The Bill & Melinda Gates Foundation has awarded the Johns Hopkins School of Public Health $20 million to find the precise combination of vitamins and other micronutrients that will most effectively save lives and prevent illness among impoverished mothers and children in the developing world.
The grant--the foundation's third to the School of Public Health in just over three years--will be used to strengthen and expand time-critical research already planned or under way in Nepal, Bangladesh, Ghana, Zanzibar and India.
"The results of these studies are likely to prove crucial to the well-being and survival of millions of women and children a year," said William R. Brody, president of Hopkins. "The university is grateful to Bill and Melinda Gates and their foundation for making it possible for us to do this research thoroughly and quickly, so that it will have the broadest possible impact."
The projects currently are funded in part by such agencies as the U.S. Agency for International Development and the National Institutes of Health. The new grant will enable researchers to gather and analyze far more data. The additional information is urgently needed but unaffordable without the foundation's help, said Alfred Sommer, dean of the School of Public Health and principal investigator in the research.
In the developing world, an estimated one in four children dies before reaching age 5. Worldwide, some 11 million children and 7 million adults die each year from diseases associated with poverty.
"Reducing mortality rates for women and children in developing countries is a global health priority for the foundation," said Gordon Perkin, executive director of the Global Health Program at the Bill & Melinda Gates Foundation. "The work being done by Johns Hopkins on micronutrients shows the potential for dramatic health improvements at relatively little cost."
The research funded by the Gates grant is the direct descendant of Sommer's finding in the early 1980s that small doses of vitamin A, costing only pennies and intended to prevent blindness among children in developing nations, also protected them from a range of killer infections and cut their mortality rate by as much as 50 percent.
Despite initial skepticism from some colleagues, Sommer replicated and expanded his research, proving that lack of vitamin A was a threat not only to children's sight but to their lives. Within a decade, the international public health community, including the World Health Organization and UNICEF, had launched major efforts to eliminate vitamin A deficiency in the developing world.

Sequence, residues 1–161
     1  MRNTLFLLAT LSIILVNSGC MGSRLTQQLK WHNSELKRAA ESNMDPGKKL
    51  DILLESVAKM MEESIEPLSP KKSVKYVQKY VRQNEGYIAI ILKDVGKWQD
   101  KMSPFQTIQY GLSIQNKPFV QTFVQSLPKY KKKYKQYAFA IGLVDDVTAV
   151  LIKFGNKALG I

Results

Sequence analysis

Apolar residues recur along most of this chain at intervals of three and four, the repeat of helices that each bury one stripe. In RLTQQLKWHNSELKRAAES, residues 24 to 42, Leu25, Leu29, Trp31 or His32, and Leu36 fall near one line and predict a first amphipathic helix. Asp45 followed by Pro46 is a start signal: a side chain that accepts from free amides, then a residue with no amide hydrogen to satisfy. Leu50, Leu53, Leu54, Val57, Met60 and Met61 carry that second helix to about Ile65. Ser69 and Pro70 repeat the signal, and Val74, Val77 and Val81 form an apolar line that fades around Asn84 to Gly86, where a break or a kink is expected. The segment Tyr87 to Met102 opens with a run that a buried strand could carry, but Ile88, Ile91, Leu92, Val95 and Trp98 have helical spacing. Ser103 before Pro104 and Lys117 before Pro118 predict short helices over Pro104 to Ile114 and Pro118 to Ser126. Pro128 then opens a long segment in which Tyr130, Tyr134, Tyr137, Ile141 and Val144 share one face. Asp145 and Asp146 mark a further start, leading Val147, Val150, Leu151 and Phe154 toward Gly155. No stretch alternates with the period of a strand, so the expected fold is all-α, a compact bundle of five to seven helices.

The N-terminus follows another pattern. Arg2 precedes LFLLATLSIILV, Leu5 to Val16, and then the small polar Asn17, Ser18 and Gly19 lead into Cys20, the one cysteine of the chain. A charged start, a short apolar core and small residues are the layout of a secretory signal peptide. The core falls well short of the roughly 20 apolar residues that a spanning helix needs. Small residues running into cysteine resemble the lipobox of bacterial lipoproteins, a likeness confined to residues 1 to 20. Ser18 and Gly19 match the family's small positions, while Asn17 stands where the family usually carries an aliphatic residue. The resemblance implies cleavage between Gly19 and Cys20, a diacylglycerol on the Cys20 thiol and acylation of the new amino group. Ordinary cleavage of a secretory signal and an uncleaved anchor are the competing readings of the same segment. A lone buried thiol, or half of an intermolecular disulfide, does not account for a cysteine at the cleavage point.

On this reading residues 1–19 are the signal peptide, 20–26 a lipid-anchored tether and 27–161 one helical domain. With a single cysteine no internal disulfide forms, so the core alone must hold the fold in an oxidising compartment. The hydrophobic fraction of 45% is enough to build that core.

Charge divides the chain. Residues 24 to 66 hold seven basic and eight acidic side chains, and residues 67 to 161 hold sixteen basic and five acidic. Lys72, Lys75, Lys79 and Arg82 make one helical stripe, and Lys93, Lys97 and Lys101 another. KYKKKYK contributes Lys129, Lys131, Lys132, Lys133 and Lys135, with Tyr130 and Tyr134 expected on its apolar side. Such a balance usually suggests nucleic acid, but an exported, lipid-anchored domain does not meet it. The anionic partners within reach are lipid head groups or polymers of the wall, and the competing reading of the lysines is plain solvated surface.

Today, the question for researchers is what other micronutrients--chemicals such as zinc, folate, iron or B-complex, needed by the human body in trace amounts--should be used in combination with vitamin A to achieve the maximum protective effect. The research today focuses not only on children but also on expectant mothers, who have been shown to die from complications of childbirth in much smaller numbers with prenatal supplements of vitamin A or its precursor, beta-carotene.
The Johns Hopkins team's fear is that--without adequate research now to find the precise best "mix" of micronutrients--the world community will rush to adopt a standard "package" of nutritional supplements that does not provide the best possible improvement on the benefits of vitamin A given alone; worse, an improperly mixed formula might even reduce or even eliminate the benefit of vitamin A.
"We have a limited time to answer questions that much of the scientific community does not even recognize we lack answers to," Sommer said. "That's why this research must be accomplished now. If we wait, we run the risk that nutritional programs will be put in place based on what we think we know, rather than on real science."
The Gates Foundation's first grant to Johns Hopkins, $2.25 million announced in May 1997, established in the School of Public Health a training and research program for family planning and reproductive health specialists from developing nations. The second, a $20 million grant announced in May 1999, built on the first by establishing the Bill and Melinda Gates Institute for Population and Reproductive Health. The institute brings scholars from Latin America, Asia and Africa to Hopkins to earn advanced degrees; provides these scholars with other training in Baltimore and in their home countries; and provides other support for family planning and reproductive health specialists from developing nations.
The Bill & Melinda Gates Foundation is dedicated to improving people's lives by sharing advances in health and learning with the global community. Led by Bill Gates' father, William H. Gates Sr., and Patty Stonesifer, the Seattle-based foundation has an asset base of $21.8 billion. Its central priorities are preventing deadly diseases among poor children by expanding access to vaccines, and developing vaccines against malaria, HIV/AIDS and tuberculosis. Other major efforts include extending unprecedented opportunities for learning by bringing computers with Internet access to every eligible library in the United States and Canada, and, through the Gates Millennium Scholars Program, providing scholarships to academically talented minority students with severe financial need in the United States.